Thinking of hitting the road with your four-legged friend when the weather improves? As temperatures start to rise, doggo road trips are sure to follow suit.
If this is your first time taking a road trip with Fido, there’s a whole lot more to strapping them in and getting behind the wheel. As with anything that involves taking your dog somewhere, there’s a heap of preparation you’ll need to do ahead of time.
From making sure they have plenty of breaks to keeping them healthy and happy along the way, we’ll run through everything you need to do before you and your hound take a trip on the open road.
Before you head out on a lengthy, days-long journey, try getting them used to travelling in a car with a few short trips. That way, you can spot any issues that you might have to deal with on the day of the road trip itself.
Do they get carsick? How quickly do they need to relieve themselves? How long is it before they get agitated? Taking a few shorter trips to gauge their behaviour will help you to better prepare for longer distances.
Knowing the route to take in advance will not only help you know which is the shortest and most straightforward, but you’ll also be able to plan out their breaks too whenever they get a little restless. It might also be a good idea to make a note of any vets local to the area just in case.
Speaking of vets, taking them for a health check ahead of your drive can be a big help. If they’re on the mend after recovering from illness, then they might need special arrangements when travelling, which your vet will be able to advise you about.
And if your dog is prone to car-sickness, the vet will be able to prescribe them with medication to help if they need it.
It should go without saying, but here goes: be sure to pack all of their essentials for the trip, such as their bowl, food, water, leash, collar, car-sickness bags, treats, medication, blankets, toys and a name tag on their collar. Make a checklist of their must-haves; the last thing you want to do is be halfway through your journey before you’ve forgotten their favourite chew toy.
When you’re on the road, your dog should never be allowed to roam around whether they’re up front or in the back. As well as being a massive distraction for you, they could be seriously hurt in the event of an accident. Be sure to pack a dog carrier or crate to restrain them – just make sure it’s big enough for them to stand up, turn around and lie down comfortably.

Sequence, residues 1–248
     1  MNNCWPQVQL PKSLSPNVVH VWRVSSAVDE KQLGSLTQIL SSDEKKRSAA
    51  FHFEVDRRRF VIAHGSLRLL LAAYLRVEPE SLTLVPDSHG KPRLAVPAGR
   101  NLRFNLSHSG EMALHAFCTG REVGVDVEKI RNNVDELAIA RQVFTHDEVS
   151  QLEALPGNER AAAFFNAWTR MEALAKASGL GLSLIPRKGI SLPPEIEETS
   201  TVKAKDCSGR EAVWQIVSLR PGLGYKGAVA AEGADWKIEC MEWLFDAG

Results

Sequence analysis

Likewise, pack a pet first aid kit so you can take care of them in the event of any accidents. In your dog’s first aid kit, bring along scissors, adhesive tape, saline eye solution, absorbent gauze pads, antibiotic ointment, alcohol wipes and 3% hydrogen peroxide – just in case they need to be sick.
As well as feeding them at least four hours before getting behind the wheel, it’s a good idea to take them for a nice, long walk too. Not only will stretching their legs tire them out once you’re on the move, but they’ll have also have time to do their business so they’re less anxious during the journey.
A good rule of thumb: if you’re taking your dog along on a road trip, the earlier you can set off the better. Setting off first thing in the morning means you can make a strong start on the journey before the day has chance to heat up, keeping dehydration to a minimum on the way.
Keep them cool by cracking a window, and make sure they have plenty of water on hand if they need it.
Lapping up all that water means your pooch’ll need you to pull over if your journey’s longer than six hours. This is where all that forward planning will come in handy.
Plus, taking them for a toilet break will give you a chance to stretch your own legs and recharge so you can stay alert for the remainder of the journey, while they get to explore somewhere new.
And if you’re feeding them, keep their meals light and wait for enough time before you get back on the road.
If they’re prone to agitation, you’ll want to keep your dog calm along the way. After all, this is probably something new for them.
Try soundtracking your journey with something soothing, or give them their favourite chew toy to keep them occupied. If you’re travelling with others, then have them gently stroke your dog every so often to reassure them. Lastly, keep an eye on your speed; an even pace will keep them calmer compared to high speeds and sudden jolts.
Whether it’s your destination or somewhere to stop off at along the way, be sure to book a hotel that’s going to welcome you and your canine friend with open arms. When you’re scanning sites like Hotels.com or TripAdvisor, make sure you’ve checked the “pets allowed” option so you can find something you can both hunker down in for the night. Watch out for any pet fees though; this way you won’t get caught out by any surprise charges at check-in.
Fancy a family road trip but looking for something new that’s up to the task? Check out our guide to the best cars for big families right here, or for something a little more pet-friendly, we’ve got you covered with this guide to buying a car with your furry friend in mind.